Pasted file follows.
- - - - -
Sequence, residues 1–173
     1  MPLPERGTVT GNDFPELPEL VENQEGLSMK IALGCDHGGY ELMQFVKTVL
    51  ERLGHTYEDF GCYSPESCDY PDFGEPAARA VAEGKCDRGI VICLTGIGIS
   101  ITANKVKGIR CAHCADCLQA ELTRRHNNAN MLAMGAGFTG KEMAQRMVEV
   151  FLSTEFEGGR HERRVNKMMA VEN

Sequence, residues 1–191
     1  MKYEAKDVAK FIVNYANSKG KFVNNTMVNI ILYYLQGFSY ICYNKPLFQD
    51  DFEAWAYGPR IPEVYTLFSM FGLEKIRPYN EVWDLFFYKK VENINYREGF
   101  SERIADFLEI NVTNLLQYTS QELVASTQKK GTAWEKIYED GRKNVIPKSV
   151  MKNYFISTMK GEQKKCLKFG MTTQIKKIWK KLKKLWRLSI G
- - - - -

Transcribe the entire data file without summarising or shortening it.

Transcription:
Sequence, residues 1–173
     1  MPLPERGTVT GNDFPELPEL VENQEGLSMK IALGCDHGGY ELMQFVKTVL
    51  ERLGHTYEDF GCYSPESCDY PDFGEPAARA VAEGKCDRGI VICLTGIGIS
   101  ITANKVKGIR CAHCADCLQA ELTRRHNNAN MLAMGAGFTG KEMAQRMVEV
   151  FLSTEFEGGR HERRVNKMMA VEN

Sequence, residues 1–191
     1  MKYEAKDVAK FIVNYANSKG KFVNNTMVNI ILYYLQGFSY ICYNKPLFQD
    51  DFEAWAYGPR IPEVYTLFSM FGLEKIRPYN EVWDLFFYKK VENINYREGF
   101  SERIADFLEI NVTNLLQYTS QELVASTQKK GTAWEKIYED GRKNVIPKSV
   151  MKNYFISTMK GEQKKCLKFG MTTQIKKIWK KLKKLWRLSI G